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A lion is one of the big5 categorized together with the Elephant, Buffalo, Leopard and the Rhino. It is the King of the Jungle and on any African Safari , a lion is the most sought after followed by the Leopard. Uganda lions stand out in the world because they have a rare habit of climbing trees. Perhaps you have heard about lions that climb trees, Tree climbing lions! They are found in Ishasha, Uganda’s Queen Elizabeth National Park and are such a marvel to behold.
Generally, lions are very social animals that live, work and hunt together. They live in families called prides and every pride you will find males which can be mature or middle aged, females and the young ones. There will always be a dominant male which protects the pride and it keeps with but not in the pride. For dominance, male lions are fond of killing the young male lions/cubs and that’s why the lionesses keep them away from the pride until they reach maturity. They are so protective over the cubs whose survival largely depends on the strength of the mother as she has to endure frequent fights from the males who barely want any sight of a male cub. If another male lion, and ofcourse a middle aged one, is to keep with the pride which has a dominant male, it can only survive fights/attacks from the king (dominant male) if it exhibits high levels of submissiveness to it.
Lions are carnivorous animals that feed on meat but when they starve, they can chew grass for survival. Lions are hunters and the biggest part of hunting, almost 70%, is done by the females. The females will hunt down the prey and after a kill, they will roar inviting males to come and open the food. The male opens the prey and serves itself first starting with tearing the breast though eats the liver first. Interestingly, the females and the young ones always join later.
Lions habit savanna grasslands, woodlands and dense bush. Their movement patterns are mostly determined by food or prey availability in an area. Taking an example of Queen Elizabeth National Park, lions cross the Virunga forests to Ishasha in the savannas where grazers (their prey) are in plenty. In their natural habitats, lions can live upto around 14 years and 18 while in captivity or Zoos. Queen Elizabeth National Park had its oldest lion called Ziwa that died at 15 years in 2019. Kibonge in Entebbe Zoo died at 18 years in 2018 and it remains with a record of the oldest lion that once lived in the whole of Africa.
The Lion's gestation period is 105 days after which it will give birth to about 3 babies/cubs. They usually give birth to premature babies whose survival largely depends on how many times the male mounted a female. Dr. Erick Edroma (the late), once one of Uganda’s animal behaviorists did an extensive research on lions and one of his findings was that lions can mate for 7 days. A male mounts 80 times a day and it does so every after 15 minutes. However, the number of times reduce with the days. It mounts 80 times on the first day, 70 times on the second day and goes on reducing like that until 20 or even 10 times on the last(7th) day of mating. If a male is strong to be able to mount those times, it gives high chances for the cubs to survive.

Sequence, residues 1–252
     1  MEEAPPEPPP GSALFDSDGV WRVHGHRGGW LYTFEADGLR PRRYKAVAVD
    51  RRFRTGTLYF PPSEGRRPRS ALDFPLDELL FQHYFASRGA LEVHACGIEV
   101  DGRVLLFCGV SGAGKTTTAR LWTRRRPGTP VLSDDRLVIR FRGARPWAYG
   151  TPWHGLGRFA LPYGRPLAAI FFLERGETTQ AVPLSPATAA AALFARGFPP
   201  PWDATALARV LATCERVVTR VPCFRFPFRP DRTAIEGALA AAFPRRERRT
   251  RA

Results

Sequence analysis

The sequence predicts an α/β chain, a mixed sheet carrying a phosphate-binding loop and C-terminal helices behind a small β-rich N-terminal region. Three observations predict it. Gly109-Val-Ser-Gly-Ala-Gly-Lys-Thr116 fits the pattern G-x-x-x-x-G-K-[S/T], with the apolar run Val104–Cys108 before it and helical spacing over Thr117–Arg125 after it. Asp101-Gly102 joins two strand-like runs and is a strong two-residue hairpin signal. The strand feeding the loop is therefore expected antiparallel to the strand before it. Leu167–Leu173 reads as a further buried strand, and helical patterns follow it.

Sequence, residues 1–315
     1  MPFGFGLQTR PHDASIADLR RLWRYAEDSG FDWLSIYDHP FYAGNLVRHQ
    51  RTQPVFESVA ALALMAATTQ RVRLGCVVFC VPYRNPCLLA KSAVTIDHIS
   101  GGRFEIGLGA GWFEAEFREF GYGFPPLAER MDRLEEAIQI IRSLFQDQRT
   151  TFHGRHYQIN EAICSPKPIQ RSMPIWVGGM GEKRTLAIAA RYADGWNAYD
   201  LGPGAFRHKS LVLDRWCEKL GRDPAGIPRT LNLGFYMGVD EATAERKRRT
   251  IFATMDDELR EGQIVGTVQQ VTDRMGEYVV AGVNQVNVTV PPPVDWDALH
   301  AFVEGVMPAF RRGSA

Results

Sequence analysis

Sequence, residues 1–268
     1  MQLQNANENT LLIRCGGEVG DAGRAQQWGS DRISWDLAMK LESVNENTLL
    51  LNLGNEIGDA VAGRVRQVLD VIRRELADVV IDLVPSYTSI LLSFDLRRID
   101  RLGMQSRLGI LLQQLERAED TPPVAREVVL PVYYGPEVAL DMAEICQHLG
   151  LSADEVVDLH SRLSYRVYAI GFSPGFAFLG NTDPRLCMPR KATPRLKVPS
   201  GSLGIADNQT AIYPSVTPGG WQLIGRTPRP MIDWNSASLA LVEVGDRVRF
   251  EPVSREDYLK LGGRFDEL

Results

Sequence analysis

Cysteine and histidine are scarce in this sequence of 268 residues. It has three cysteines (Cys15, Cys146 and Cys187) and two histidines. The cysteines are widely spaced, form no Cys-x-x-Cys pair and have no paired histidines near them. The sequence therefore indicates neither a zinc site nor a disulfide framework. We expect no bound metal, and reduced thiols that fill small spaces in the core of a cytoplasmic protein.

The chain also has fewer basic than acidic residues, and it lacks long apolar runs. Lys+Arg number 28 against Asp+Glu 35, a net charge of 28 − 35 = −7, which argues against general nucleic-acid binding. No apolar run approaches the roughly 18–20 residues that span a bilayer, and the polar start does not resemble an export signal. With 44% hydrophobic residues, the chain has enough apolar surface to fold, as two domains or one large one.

Where in Uganda can we find Lions on a wildlife Safari?
In Uganda, lions can be spotted in three large national parks of Queen Elizabeth, Murchison falls and Kidepo Valley. Apart from the jungles of these parks, some lions in Uganda are protected by the Uganda Wildlife Education Centre, formally Entebbe Zoo. Tree climbing lions are exclusive to Ishasha in Queen Elizabeth National Park just like the Experiential Lion Tracking in the north of the park. Day visits to the zoo at Entebbe can be arranged for one to see these lions. Overall, the experience of finding them active in the jungle is most desired and a life-time one, to say the least. Book any of Jungle Escape Africa’s Uganda Safaris to see the lions together with many other fascinating wildlife scenarios like Gorilla trekking, Chimpanzee tracking, mountain hikes and others.
Threats to the lions’ population in Uganda/Africa
There is quite some pressure on the African lion population and Uganda lions are no exception. In the last 50 years, there has been continued threat to the lives of lions, most especially those in the national parks.
However, man alone can’t be castigated for threats to the lions’ populations in Uganda when the natural factors too, are at play:
The threatening situation to the lions in Uganda is not any different from those in other parts of Africa. Alot has to be done to ensure that lions’ population doesn’t reduce further to necessitate their declaration as ‘Endangered’ because then it will imply a very narrow thread between their survival and extinction. In Uganda, the Lion Tracking and Research Project by the Uganda Carnivore Program was established to avert any possible threat to the lions’ population and their habitat.0200
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